Typically, everybody likes the new guy(s) in the Penn State wrestling lineup, but one of this season’s Nittany Lion newcomers is actually a wily, old veteran.

If Penn State fans didn’t know Kyle Conel before 2018, they became fast friends at that year’s NCAA Championships in Cleveland. Conel twice defeated – once by fall – Ohio State’s Kollin Moore at 197 pounds to prevent the Buckeyes from racking up team points in what was a fight to the finish in the race for the coveted team title.

Penn State clinched its seventh NCAA crown in eight years that season when Bo Nickal pinned Ohio State’s Myles Martin at 184 pounds. The irony is that Conel played a role in that title by limiting Moore’s advancement points.

And now he wants his role to be substantially larger. He transferred from Kent State, he says his surgically repaired shoulder is healthy and he is expected to win a few (thousand) more fans on Sunday when Penn State hosts Navy in its 2 p.m. season opener in Rec Hall.

“I knew of people before coming here,” Conel said this week. “Obviously, it’s a whole new environment getting used to things when you’re jumping into something new. The transition was so easy with how relaxed and fun everything is here.

“That’s what’s special to me. There’s a bunch here of guys who love wrestling and love the sport. You come in here and put a smile on their face and put a smile on my face.”

There was a smile on Cael Sanderson’s face as well when he was asked about Conel’s transfer after being granted a medical redshirt by the NCAA.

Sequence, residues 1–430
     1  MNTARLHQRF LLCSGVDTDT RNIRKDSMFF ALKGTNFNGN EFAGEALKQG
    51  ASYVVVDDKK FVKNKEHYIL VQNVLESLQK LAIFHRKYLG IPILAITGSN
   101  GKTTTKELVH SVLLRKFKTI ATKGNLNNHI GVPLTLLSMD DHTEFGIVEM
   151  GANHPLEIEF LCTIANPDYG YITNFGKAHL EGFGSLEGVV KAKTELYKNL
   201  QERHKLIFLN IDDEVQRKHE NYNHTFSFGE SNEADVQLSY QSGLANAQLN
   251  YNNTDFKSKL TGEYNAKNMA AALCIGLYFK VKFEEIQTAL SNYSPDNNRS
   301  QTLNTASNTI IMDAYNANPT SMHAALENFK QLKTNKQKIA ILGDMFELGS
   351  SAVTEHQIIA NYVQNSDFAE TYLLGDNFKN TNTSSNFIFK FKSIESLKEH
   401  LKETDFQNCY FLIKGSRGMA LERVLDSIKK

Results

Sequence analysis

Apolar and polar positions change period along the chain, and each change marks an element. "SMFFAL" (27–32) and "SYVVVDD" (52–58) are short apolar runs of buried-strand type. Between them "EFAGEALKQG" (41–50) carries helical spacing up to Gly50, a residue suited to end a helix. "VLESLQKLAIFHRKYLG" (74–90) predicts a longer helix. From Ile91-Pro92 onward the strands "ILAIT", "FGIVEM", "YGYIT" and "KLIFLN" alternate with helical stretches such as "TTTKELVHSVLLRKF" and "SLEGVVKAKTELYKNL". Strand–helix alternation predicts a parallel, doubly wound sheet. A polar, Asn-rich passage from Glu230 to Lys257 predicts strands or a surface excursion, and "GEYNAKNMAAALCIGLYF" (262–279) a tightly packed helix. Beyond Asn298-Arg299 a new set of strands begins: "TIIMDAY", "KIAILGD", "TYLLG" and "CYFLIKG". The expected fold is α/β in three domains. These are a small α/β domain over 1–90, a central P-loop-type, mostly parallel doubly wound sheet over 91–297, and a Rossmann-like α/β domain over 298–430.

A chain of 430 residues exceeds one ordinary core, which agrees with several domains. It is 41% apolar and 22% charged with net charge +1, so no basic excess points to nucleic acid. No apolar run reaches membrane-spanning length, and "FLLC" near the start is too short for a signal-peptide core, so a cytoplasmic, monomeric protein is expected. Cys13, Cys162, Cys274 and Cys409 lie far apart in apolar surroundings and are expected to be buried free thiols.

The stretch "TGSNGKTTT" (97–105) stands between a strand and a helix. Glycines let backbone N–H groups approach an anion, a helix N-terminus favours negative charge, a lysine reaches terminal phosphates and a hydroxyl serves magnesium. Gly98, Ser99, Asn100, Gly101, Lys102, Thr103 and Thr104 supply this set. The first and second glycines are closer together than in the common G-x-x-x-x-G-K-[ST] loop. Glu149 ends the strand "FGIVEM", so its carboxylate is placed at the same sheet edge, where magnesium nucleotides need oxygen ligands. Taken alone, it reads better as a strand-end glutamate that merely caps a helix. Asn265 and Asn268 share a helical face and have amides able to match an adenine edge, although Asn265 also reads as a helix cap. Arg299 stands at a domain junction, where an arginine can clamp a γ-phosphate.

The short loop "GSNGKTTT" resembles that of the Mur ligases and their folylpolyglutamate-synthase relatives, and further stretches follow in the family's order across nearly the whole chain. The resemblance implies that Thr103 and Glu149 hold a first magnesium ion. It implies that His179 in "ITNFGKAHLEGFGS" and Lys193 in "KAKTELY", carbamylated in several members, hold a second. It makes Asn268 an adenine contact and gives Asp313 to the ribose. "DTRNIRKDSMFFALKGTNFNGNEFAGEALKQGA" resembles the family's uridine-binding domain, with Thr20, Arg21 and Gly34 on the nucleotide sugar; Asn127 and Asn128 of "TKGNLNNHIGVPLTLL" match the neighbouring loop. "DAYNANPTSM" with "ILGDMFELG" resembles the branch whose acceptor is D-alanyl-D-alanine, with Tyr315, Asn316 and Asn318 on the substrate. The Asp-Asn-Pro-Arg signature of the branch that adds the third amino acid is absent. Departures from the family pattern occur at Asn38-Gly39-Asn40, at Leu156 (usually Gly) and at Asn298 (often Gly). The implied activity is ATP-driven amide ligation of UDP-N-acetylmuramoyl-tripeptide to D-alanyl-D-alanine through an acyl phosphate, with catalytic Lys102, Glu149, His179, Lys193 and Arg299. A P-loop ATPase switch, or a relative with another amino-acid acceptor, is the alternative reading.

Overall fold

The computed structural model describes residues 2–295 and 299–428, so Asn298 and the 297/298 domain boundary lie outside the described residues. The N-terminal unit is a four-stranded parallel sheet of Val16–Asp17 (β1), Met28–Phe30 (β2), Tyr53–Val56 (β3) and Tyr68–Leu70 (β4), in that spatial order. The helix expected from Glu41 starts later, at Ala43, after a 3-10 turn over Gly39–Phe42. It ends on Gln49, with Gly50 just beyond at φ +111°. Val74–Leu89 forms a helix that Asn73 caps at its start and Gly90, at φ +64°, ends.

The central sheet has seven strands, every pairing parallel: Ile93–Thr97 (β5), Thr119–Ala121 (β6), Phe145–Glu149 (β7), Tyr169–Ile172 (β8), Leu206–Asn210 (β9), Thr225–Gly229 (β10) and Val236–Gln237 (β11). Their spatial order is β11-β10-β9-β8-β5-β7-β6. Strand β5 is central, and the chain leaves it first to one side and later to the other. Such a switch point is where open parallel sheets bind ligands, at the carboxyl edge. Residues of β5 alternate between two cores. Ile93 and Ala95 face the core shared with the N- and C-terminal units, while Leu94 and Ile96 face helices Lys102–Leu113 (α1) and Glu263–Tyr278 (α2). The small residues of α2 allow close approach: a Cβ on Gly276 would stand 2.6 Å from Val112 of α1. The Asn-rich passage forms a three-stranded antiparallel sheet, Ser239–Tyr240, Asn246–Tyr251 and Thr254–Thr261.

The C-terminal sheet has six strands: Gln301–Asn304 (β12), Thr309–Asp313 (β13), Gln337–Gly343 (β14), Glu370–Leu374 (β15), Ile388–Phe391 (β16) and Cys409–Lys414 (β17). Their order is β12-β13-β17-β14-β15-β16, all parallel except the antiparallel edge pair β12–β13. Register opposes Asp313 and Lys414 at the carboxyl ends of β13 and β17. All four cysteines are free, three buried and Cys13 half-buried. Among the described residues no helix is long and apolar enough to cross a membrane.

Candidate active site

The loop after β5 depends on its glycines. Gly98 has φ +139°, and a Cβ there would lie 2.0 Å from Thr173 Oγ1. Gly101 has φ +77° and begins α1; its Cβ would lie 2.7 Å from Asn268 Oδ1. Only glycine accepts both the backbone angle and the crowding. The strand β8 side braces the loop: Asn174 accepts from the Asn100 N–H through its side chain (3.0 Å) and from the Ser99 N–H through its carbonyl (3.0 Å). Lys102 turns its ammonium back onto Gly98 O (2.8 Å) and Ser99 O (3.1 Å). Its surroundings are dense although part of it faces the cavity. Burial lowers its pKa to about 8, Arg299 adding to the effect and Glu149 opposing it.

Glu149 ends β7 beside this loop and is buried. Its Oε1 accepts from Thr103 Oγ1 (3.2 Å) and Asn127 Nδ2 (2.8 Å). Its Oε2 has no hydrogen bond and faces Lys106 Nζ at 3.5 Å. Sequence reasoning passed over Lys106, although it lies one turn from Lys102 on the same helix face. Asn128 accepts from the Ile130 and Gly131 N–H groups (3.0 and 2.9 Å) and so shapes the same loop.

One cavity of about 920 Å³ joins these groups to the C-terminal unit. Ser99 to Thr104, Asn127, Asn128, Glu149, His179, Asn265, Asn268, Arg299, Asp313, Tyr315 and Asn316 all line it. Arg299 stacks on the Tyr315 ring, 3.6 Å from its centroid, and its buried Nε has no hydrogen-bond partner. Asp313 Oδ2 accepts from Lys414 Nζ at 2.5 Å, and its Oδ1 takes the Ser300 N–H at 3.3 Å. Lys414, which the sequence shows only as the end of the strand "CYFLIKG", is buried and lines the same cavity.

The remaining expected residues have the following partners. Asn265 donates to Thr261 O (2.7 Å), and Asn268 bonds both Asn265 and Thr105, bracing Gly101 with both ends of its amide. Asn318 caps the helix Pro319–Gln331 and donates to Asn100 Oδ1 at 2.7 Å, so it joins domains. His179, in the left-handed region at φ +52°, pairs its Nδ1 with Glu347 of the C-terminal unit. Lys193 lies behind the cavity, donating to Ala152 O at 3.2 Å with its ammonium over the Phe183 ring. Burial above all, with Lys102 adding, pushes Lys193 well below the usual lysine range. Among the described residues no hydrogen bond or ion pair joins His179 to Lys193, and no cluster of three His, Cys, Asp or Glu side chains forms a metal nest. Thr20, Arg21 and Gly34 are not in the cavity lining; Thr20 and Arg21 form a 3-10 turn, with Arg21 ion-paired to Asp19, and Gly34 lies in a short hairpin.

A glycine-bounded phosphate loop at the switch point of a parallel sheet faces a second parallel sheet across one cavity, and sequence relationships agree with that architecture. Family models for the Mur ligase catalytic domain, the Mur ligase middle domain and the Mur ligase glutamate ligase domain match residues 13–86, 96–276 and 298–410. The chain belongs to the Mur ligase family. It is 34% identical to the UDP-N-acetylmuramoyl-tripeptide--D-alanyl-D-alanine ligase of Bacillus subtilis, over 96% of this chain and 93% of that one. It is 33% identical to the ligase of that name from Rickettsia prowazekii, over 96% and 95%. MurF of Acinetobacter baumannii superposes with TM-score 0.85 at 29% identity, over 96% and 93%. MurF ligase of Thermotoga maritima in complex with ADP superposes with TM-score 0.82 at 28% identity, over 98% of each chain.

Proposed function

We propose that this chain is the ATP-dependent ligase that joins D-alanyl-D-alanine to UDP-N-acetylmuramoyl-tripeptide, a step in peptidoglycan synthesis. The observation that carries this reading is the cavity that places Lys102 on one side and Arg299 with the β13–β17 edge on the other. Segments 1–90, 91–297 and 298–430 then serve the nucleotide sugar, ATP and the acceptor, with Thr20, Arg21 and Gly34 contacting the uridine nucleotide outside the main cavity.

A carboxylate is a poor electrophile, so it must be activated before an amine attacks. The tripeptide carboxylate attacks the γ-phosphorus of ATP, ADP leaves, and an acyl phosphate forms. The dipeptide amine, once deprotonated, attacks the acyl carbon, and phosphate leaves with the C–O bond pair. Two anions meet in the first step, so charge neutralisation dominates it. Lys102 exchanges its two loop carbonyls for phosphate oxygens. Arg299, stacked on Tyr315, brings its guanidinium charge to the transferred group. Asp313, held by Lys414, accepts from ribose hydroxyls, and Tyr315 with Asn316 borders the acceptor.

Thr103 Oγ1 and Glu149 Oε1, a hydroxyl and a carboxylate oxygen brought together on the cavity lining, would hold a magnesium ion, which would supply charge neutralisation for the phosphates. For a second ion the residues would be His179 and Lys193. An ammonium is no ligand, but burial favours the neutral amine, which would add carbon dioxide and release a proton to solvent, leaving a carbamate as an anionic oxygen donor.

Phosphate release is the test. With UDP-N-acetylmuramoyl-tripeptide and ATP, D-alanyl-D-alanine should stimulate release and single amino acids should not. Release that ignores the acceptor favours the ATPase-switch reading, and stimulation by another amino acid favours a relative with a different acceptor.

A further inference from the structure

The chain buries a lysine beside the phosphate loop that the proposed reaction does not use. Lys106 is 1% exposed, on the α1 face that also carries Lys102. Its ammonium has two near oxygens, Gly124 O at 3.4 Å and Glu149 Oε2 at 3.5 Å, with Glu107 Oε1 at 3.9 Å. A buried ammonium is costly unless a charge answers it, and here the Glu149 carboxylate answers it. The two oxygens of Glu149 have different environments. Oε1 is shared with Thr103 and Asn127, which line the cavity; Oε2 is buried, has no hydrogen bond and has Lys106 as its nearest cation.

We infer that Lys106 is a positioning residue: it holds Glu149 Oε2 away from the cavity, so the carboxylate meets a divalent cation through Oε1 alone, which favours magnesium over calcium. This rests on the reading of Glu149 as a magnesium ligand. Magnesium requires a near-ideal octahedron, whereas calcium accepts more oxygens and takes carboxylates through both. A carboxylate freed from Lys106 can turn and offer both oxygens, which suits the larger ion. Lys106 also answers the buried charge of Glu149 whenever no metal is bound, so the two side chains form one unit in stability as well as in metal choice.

“Well, he’s obviously a really good wrestler; he took third in the country a couple years ago,” Sanderson said. “And everyone remembers him from Penn State because he had some big matches that helped our team out. But he also went into that tournament unseeded.”

Conel, who started at Kent in 2014, has a 78-25 career record; he went 30-11 in 2018, capping it off with that bronze medal at 197, where he will be when he takes the mat for Penn State.

“I don’t feel any pressure,” Conel said. “I’m just doing what I love to do since I was 12 years old and that’s wrestle. I’m just happy to go out there and let loose.

“I’ve been healthy for a while now; I’ve been doing everything everyone else has. I’m getting used to the freestyle guys, guys who haven’t wrestled folkstyle in years, and how big and strong those guys are. If I’m doing what I believe I’m doing, becoming the best wrestler I can be, then my actions will speak for themselves,” Conel said.